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The Blasphemy of Hope

RETURNING LOST LOVES A Novel; By Yehoshua Kenaz, Translated from the Hebrew by Dalya Bilu; Steerforth Press: 242 pp., $14 paper

March 18, 2001|JONATHAN LEVI | Jonathan Levi is a contributing writer to Book Review

Reading Israeli author Yehoshua Kenaz's latest novel, "Returning Lost Loves," I was reminded of William Wymark Jacobs' ghost story, "The Monkey's Paw'-or at least of the Alfred Hitchcock episode of the same. The monkey's paw of the Jacobs story is a mysterious Asiatic talisman that, in solidarity with all mysterious talismans, grants its owner three wishes. Holding the paw in his right hand, the father of a family makes the first of three wishes, asking for a million dollars. Literalist that it is, the monkey's paw grants him the money-but it is the insurance money paid to him upon the death of his son in a horrible accident. In the depths of her grief, the mother prevails upon the father to wish their son alive again. It is only a ghostly knock on the door that wakes the father to the true horror of the zombie he has raised from the dead. With his final wish, the father returns his son to the grave. The moral of the story is clear: Be careful what you wish for in case you actually get it.

The residents of the thoroughly modern apartment complex in Tel Aviv around which "Returning Lost Loves" evolves have thoroughly modern wishes. Hezi wants a hideaway for his mistress Gabi. Schlumpy, singular Aviram, who lives in the apartment next door with his barking dog, wants Gabi. Mr. Schwartz, the head of the house committee, wants to rid the complex of crooked interlopers who are building an illegal apartment over a storehouse. The interlopers want a safe place for their beloved daughter. Their contractor, Ezra, wants his son, Eyal, a deserter from the army, to return and face his punishment and restore the family's Zionist dignity.

This novel of interlocking wishes appears on first blush to be a relatively pedestrian collection of one-act plays performed in the post-biblical black box theater of contemporary Israel (in a translation equally odd, in which the Hebrew minyan becomes the denaturalized "quorum'). It is an Israel in which the early pioneers are either dead or in need of wheelchairs, unable or unwilling to speak, the young men are either crazy or depressed and the border town of Eilat is unrecognizable. "Blond girls from Sweden lie there naked on the beach," says one alte cocker, "everything on display. Anyone can go up to some girl, look at her and have her. And little children playing on the beach see it all." It is a Tel Aviv that resembles a '60s version of New York as painted by, say, Stephen Sondheim, a city of go-getters in a booming real estate market and lonely people trying to sweep their lives clean of encroaching detachment.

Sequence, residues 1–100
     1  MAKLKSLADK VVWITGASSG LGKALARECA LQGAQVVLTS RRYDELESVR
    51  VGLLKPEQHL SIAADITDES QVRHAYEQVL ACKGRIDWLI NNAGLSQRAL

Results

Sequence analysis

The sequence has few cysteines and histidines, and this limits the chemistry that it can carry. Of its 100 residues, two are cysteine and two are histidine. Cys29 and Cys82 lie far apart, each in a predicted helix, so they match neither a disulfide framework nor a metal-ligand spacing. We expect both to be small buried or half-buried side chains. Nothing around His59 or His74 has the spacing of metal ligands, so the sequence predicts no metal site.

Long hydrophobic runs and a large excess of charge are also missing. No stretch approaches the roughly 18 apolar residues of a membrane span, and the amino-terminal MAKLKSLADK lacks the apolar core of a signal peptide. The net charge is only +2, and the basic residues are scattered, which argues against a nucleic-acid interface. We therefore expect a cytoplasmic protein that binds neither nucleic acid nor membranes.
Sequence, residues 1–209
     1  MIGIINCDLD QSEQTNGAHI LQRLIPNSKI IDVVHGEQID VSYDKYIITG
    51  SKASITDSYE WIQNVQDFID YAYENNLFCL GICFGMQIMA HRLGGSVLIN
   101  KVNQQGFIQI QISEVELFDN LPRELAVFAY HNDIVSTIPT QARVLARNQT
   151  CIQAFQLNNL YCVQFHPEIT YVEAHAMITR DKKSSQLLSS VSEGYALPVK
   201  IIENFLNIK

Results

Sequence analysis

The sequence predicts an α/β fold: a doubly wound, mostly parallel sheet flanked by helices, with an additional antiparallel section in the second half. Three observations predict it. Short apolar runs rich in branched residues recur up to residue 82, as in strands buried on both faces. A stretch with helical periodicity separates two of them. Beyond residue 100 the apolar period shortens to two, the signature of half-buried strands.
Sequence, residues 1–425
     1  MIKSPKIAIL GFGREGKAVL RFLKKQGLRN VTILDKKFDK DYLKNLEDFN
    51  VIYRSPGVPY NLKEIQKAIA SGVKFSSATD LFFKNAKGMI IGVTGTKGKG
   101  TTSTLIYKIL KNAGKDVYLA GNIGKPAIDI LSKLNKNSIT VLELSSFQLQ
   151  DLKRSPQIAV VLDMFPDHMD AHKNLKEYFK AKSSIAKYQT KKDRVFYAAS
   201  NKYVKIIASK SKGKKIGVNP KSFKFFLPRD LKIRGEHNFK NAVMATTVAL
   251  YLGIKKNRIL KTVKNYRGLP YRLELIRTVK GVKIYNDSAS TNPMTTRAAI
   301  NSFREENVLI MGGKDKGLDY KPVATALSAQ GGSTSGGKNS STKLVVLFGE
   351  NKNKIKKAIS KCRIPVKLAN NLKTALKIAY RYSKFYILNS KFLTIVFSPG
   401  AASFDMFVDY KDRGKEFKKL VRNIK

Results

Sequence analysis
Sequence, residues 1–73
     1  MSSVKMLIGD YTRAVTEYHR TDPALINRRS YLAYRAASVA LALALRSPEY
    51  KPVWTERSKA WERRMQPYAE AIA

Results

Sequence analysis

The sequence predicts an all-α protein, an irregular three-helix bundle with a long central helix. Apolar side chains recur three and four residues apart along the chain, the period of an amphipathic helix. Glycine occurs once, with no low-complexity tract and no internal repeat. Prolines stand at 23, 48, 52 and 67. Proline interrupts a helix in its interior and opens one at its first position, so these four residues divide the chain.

But as the wishes turn to reality, Kenaz's aim becomes increasingly clear. With the same sense of Victorian inevitability that drove both Jacobs (and Hitchcock, for that matter), Kenaz turns story into parable.

What is monkey's paw for Orientalism is cabala for Judaism. As Gabi rides the bus one day, she overhears a secular girl talking about a lovelorn friend so distracted that she sought the advice of a mystic kabbalist who advertised "RETURNS LOST LOVES" to bring back a wayward boyfriend. Not only does the girl sleep better the next night but, the following morning, her lost Remmy finds her on the street and professes his returned, undying love. They repair to a cafe "and she looks at him and says to herself: It looks just like Remmy, talks just like Remmy, knows all the details of their story, but nevertheless it isn't him, it's like somebody else. Everything's exactly the same, except for the look in his eyes, as if somebody else is looking out of them."

So discover all of Kenaz's lonely heroes. They wish, and they get what they ask for. But the look in the eyes is different, the beloved becomes ugly, the prodigal son knocking at the door must be kept out at all costs.

The Law of Return, as Israel, its friends, its enemies and, above all, its writers have discovered, is imperfect. "You're thieves," yells old Mr. Schwartz. "You stole a piece of land that isn't yours and you're building on it against the law! It's going to be pulled down!" It is the cry of the Zionists against the Palestinians, but it is also the cry of the Palestinians against the settlers on the West Bank, the cry of the Ashkenazi Jews against the Sephardic arrivistes, the cry of wives against mistresses who are squatting on their real estate and of their husbands and fathers against growing sons who have resettled their Zionist beliefs, the world against the advances of time that changes all geographies.

Hold the monkey's paw up in the air, consult a cabalist: It doesn't matter. At the end, "Returning Lost Loves" speaks with the passion and pessimism of Old Testament prophecy. The Second Temple is a pale shadow of the first, what comes around a second time is inevitably a disappointment. Our wishes are never foolproof against the original sin, the blasphemy of hope.

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